By Kate Renwick-Espinosa
The eyes are more than the windows to the soul. They’re the windows to your health.
One of the easiest, most cost-effective early detection systems for serious illness is the eye exam. This test can detect evidence of 273 chronic diseases, including some types of cancer, kidney disease, and hypertension, even before physical symptoms emerge.
One in five people with diabetes discovered their disease through an eye exam. And visible signs of retina damage are a useful marker for identifying cardiovascular disease before a heart attack or stroke occurs.
Yet while 84% of people consider vision their most important sense, half still skip their annual eye exams.
When Vision Care Is an Oversight
And it’s not just individuals who overlook this critical investment in their vision and overall health.
Many organizations decline to offer their employees vision care—a benefit that’s proving increasingly important to offer. In 2020, vision problems cost U.S. employers $575 billion in lost productivity, and vision problems in Americans age 40 and over have an estimated annual economic impact of more than $145 billion.
When an organization provides vision care and encourages employees to get their eyes checked once a year, the return on investment can be substantial. An eye exam can uncover the first warning signs of other health risks, and finding problems early permits medical interventions that can lower health care costs for both employers and individuals. Employers who offered stand-alone vision benefits saved $5.8 billion over four years, one recent study showed.
Beyond lowering an organization’s health spending and raising productivity, offering a vision plan can also increase employee satisfaction and engagement—no small matter in today’s volatile and competitive labor market.
In 2019, only 26% of private-industry employees had access to vision benefits. But today, as employees increasingly expect holistic employer-sponsored health care plans to support their mental and physical health, nearly 70% of workers say vision, dental, and wellness benefits influence their decision to stay with their employer—or move to a competitor.
Eye Health Is Business Health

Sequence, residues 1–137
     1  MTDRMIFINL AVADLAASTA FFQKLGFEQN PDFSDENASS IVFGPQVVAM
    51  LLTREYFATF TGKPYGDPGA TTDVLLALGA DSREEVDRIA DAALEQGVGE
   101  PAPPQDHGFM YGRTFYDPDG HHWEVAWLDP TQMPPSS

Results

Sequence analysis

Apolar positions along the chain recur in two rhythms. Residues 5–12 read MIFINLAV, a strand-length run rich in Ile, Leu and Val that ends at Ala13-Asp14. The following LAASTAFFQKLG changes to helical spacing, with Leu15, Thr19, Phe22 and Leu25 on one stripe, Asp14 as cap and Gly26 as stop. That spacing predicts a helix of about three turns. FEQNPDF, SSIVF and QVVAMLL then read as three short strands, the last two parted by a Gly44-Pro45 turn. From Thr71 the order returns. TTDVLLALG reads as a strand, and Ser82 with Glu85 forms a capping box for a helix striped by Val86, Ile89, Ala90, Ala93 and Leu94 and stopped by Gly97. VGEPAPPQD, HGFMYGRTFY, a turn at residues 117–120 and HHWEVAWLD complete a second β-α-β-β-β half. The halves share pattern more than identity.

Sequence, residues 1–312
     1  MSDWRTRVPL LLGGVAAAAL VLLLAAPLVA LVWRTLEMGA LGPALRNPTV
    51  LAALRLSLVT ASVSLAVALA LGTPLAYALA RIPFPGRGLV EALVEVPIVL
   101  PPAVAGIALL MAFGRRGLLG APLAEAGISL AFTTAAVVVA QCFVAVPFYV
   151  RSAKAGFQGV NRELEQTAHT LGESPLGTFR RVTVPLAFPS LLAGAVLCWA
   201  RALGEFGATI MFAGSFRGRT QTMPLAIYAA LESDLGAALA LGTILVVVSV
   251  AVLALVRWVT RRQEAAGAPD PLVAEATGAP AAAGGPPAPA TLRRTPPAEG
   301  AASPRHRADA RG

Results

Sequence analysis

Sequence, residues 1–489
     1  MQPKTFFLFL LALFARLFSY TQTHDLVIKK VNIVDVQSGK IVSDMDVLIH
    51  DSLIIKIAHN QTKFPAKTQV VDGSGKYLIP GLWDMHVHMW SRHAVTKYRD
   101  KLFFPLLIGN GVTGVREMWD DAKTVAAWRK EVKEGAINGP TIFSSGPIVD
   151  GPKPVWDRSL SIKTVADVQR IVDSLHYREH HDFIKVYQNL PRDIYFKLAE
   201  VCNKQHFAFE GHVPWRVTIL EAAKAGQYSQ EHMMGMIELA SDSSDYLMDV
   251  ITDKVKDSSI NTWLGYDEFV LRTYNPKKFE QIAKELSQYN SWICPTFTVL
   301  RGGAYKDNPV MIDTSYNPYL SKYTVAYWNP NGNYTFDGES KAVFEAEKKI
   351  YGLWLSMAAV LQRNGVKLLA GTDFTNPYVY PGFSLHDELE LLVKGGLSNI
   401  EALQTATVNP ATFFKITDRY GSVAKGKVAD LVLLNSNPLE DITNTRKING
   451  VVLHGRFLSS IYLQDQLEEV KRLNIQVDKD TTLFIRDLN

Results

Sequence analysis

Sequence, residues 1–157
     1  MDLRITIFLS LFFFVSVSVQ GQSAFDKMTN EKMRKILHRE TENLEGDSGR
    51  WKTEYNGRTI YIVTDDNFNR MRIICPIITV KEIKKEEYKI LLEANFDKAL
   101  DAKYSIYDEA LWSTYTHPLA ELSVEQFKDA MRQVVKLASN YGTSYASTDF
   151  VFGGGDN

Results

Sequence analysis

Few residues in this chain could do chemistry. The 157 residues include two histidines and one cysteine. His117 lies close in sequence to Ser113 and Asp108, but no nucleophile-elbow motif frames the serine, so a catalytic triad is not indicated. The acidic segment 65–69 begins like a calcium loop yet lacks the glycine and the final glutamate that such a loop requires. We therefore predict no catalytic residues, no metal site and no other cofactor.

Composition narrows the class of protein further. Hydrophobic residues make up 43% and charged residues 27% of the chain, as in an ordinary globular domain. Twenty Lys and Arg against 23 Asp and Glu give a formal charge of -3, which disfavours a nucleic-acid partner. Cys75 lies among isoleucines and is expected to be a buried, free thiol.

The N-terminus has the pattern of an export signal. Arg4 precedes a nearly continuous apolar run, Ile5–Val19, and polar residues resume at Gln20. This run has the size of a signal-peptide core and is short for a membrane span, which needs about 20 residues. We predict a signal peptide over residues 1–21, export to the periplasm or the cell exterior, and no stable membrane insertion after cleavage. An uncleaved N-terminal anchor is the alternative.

Vision benefits are not just a “nice-to-have” benefit. It’s important for companies today to view vision as part of a holistic approach to health and preventive health care plans for employees.
Eye care is health care; eye health is business health. By investing in vision benefits with the right provider, your organization can make two gains at once. Offering a vision benefit is compassionate, supporting workforce wellness and attracting and retaining top talent. It’s also good business—a move to boost your productivity, reduce your downtime and health care costs, grow, and lead your competition.
For employees, vision benefits contribute to a new set of expectations for patient-centric health care that emphasizes the convenience and autonomy for employees to make their care decisions. Nearly half of consumers want insurers to offer more affordable plans, and 44% want better coverage, even from more expensive plans.
As with broader health and wellness plans, vision plans vary in coverage and quality, and companies need to choose their vision partner based on both employees’ health and corporate financial health. Organizations with a vision plan that thoroughly evaluates patients’ health and influences positive outcomes—coordinating care with health partners, identifying eligible members for disease management programs, and sending critical eye exam reminders—have been shown to have healthier employees.
A Vision for Your Future
The pandemic created a great reevaluation in employees’ personal values and priorities, driving a greater emphasis on health and wellness. Today, inflation is driving even more reassessments in business and consumer priorities.
In this challenging business environment, organizations can’t afford to cut corners on health care. Vision care, mental health, and other wellness benefits are an investment both in employees and business growth. Putting employees’ wellness at the core of business strategies can result in a long-lasting improvement in employee productivity, engagement, and retention.
Vision care is an investment both in employees and growth. Having the foresight to put employees’ expectations for wellness care at the core of your business strategy might claim more of your organization’s budget in the short term. But the goodwill and growth you can build by offering vision care may last a lot longer.
Kate Renwick-Espinosa is president of VSP Vision Care.